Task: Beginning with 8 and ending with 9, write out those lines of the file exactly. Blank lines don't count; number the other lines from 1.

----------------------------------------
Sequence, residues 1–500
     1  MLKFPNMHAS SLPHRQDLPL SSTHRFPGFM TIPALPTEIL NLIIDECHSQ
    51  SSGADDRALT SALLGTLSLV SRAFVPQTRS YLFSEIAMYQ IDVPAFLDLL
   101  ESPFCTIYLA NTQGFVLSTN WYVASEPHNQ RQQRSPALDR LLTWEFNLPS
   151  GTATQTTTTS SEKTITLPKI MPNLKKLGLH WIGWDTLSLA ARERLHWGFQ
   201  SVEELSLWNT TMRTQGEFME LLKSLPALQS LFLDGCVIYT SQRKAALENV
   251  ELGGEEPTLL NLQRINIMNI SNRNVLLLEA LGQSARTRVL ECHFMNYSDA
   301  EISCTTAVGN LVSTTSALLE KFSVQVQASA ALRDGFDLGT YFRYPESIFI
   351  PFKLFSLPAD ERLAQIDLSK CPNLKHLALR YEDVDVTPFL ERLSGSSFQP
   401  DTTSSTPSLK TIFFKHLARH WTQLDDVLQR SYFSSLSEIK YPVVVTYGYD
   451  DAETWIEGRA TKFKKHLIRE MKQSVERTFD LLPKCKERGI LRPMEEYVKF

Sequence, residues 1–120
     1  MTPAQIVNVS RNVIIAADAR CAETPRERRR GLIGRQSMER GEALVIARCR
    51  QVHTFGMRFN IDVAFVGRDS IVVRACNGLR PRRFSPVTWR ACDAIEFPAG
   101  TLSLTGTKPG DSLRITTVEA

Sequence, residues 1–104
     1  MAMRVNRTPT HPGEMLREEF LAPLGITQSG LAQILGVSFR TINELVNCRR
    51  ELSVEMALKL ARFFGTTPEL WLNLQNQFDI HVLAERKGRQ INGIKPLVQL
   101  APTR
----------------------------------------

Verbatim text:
   301  EISCTTAVGN LVSTTSALLE KFSVQVQASA ALRDGFDLGT YFRYPESIFI
   351  PFKLFSLPAD ERLAQIDLSK CPNLKHLALR YEDVDVTPFL ERLSGSSFQP